Joe Duarte

2013 Kia Rio

Kia heads to Rio for sub-compact sedan competitor

2013 Kia Rio

Car Review

Overall rating:


Strengths and weaknesses:

  • looks
  • equipment levels
  • interior refinement
  • cargo space
  • warranty
  • “me-too” looks

Editor's Ratings:

  • Price: 7/10

  • Performance: 6/10

  • Comfort (front): 6/10

  • Consumption: 8/10

  • Look: 8/10

Kia heads to Rio for sub-compact sedan competitor

"Befitting the small bodystyle, cabin confines are tight but comfortable enough for four."

Let’s get this out of the way right off the top – the Kia Rio is like every other sub-compact sedan on the market. It’s roomy as every other sub-compact sedan on the market; it acts like every other sub-compact sedan on the market; it even looks like just about every other sub-compact sedan on the market. And, that’s not necessarily a bad thing.

Search available trim options for the 2013 Kia Rio

Rio grew out of an amazingly unique little concept sedan unveiled before the turn of the century. When it came to production, it was monotonized for practicality. A hatchback model injected some fun into the line-up with a U.S.-badged Rio Cinco, but Canada decided to go with the more mundane Rio-XV. Regardless, the hatchback sold well, especially north of the 49th, and the sedan has continued to offer the more traditional looks for buyers who prefer the three-box design.

As with anything, the sedan bodystyle gets more sleek and so we have a new Rio for 2012 (developed in cooperation with its parent company’s Hyundai Accent, which has been the case since the second generation of 2005). So, it looks a lot like Accent (with the obvious changes in the nose to take on the Kia tabbed grille and large wrap-around headlights).

Rio also replaced previous models that briefly came to North America sporting a Kia badge, but which were most prominently used as Fords – Festiva and Aspire. In some world markets, it was sold as a Mazda 121 - the precursor to the Demio and Mazda2, which shares architecture with the Ford Fiesta. So, it bears a passing resemblance to the Fiesta sedan (especially in profile).

Of the remaining competitors, the Versa sedan is similar in profile and the Chevrolet Sonic and Toyota Yaris are totally different in all aspects.

Befitting the small bodystyle, cabin confines are tight but comfortable enough for four. Yes, there’s a third rear seatbelt; no, you shouldn’t squeeze anybody in there, no matter how small … just as in any sedan this size. The cargo hold is not only big, mostly-square and flat-floored, the opening is wide to accommodate larger packages without much muss and fuss.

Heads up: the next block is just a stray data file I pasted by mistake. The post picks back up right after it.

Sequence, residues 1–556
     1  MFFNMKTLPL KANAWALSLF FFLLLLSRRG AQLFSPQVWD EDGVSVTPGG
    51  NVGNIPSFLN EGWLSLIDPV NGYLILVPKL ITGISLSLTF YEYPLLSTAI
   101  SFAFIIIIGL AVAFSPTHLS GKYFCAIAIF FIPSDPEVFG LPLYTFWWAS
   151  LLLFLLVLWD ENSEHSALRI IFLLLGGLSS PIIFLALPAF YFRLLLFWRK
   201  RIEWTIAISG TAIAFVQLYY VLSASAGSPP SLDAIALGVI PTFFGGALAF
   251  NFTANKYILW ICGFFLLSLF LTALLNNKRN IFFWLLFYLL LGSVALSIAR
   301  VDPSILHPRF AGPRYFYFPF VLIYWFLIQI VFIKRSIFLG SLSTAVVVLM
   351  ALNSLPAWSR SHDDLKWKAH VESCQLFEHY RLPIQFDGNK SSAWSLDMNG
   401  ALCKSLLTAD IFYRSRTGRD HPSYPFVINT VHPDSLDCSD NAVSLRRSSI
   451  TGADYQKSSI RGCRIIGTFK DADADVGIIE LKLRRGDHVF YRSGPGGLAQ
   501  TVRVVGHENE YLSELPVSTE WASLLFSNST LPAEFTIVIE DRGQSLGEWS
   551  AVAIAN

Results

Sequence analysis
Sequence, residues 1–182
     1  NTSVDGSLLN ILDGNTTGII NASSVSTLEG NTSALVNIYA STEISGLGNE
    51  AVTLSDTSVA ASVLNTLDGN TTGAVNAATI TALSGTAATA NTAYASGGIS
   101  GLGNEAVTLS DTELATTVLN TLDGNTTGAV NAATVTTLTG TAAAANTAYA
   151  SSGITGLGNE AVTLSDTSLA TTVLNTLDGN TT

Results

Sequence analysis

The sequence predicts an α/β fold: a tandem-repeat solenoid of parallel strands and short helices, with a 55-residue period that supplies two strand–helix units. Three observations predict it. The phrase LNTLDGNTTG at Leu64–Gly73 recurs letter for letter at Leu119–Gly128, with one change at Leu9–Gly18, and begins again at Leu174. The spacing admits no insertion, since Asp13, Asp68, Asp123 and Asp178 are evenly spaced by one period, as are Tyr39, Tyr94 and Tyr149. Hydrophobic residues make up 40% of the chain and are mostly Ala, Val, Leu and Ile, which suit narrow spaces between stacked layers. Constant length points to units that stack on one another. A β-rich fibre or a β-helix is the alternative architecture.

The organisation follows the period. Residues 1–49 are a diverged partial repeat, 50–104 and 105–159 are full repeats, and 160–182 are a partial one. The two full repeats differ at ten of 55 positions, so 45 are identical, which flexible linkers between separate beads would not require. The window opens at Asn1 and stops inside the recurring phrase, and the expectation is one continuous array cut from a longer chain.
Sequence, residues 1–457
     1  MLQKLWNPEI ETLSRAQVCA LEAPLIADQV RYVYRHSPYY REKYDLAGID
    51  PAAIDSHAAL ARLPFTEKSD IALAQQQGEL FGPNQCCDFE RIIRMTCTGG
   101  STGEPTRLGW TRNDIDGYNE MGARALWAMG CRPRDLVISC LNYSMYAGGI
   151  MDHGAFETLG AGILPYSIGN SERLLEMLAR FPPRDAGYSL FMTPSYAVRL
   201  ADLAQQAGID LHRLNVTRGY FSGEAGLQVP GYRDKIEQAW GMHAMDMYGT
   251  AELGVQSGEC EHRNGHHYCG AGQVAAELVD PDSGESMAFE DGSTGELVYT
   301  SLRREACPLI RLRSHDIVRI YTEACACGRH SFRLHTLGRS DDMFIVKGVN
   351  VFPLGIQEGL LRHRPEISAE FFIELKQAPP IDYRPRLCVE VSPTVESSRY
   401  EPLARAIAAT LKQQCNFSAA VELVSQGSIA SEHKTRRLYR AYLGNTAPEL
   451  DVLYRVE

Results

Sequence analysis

The cockpit is nicely laid out and features all the current technological gadgetry, some of which are unexpected on a car in this segment (rear-view camera, touchscreen navigation system, voice activated infotainment features, six-speed automatic, etc.).

The engine is a 1.6-litre four-cylinder that makes 138 hp and 123 lb.-ft. of torque (considerably more than like-engined, and smaller engined, competitors and similar to the larger-engined one), which is probably the main advantage of Rio over its otherwise similar rivals (though it’s decidedly middle of the pack when it comes to fuel economy, despite Kia’s ECO upgrade).

The ride is choppy when the car is empty, probably due to our tester’s upgraded suspension, but it hunkers down nicely with more bodies in the cabin. The handling is akin to any family sedan – not too firm to compromise ride; not too soft to strip away driver confidence. The steering is what you’d expect from a family car – vague in the centre to prevent more drama when trying to avoid an emergency situation, predictable out at the ends to allow drivers to plot avoidance courses quickly and efficiently.

It used to be that you could count on a better features-to-price ratio, but that’s gone away, with the newest Rio priced pretty well even with its competitors. You can still get into a Rio or as little as $13,795, but you can get a Versa for $11,878 and into a Fiesta for $12,999.

Even at the top end … by the time you fully load up our test SX with a touchscreen navigation system (including rear-view camera, fully automatic climate control, cooling glove box and heated steering wheel, among others), the price nearly tops $22,000. That’s kinda steep for a sub-compact sedan.

But when you consider that $8,000 range, it means you’re bound to find one that you can outfit just right for your daily driving needs.

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Fact file

  • Trim level: SX
  • Year/Make/Model: 2013 Kia Rio
  • Price as tested: $21,895
  • EnerGuide fuel economy ratings: 6.6 L/100km city; 4.9 L/100km hwy
  • Observed fuel economy: 6.3 L/100km over 1,202 km
  • Warranty (powertrain): 5 years/ 100,000 km (comprehensive)
  • Competitors: Chevrolet Sonic; Ford Fiesta; Hyundai Accent; Nissan Versa; Toyota Yaris
  • Warranty (basic): 5 years/ 100,000 km (comprehensive)
  • Options: Navigation system ($1,200) inc.: 17-inch alloy wheels, active ECO system, alloy sport pedals, cooling glove box, leather seating and trim, climate control, heated front seats and steering wheel, LED driving lights and taillights, rain-sense wipers, keyless entry and push-button start, sport tuned suspension; exterior colour ($200).
  • Freight: $1,455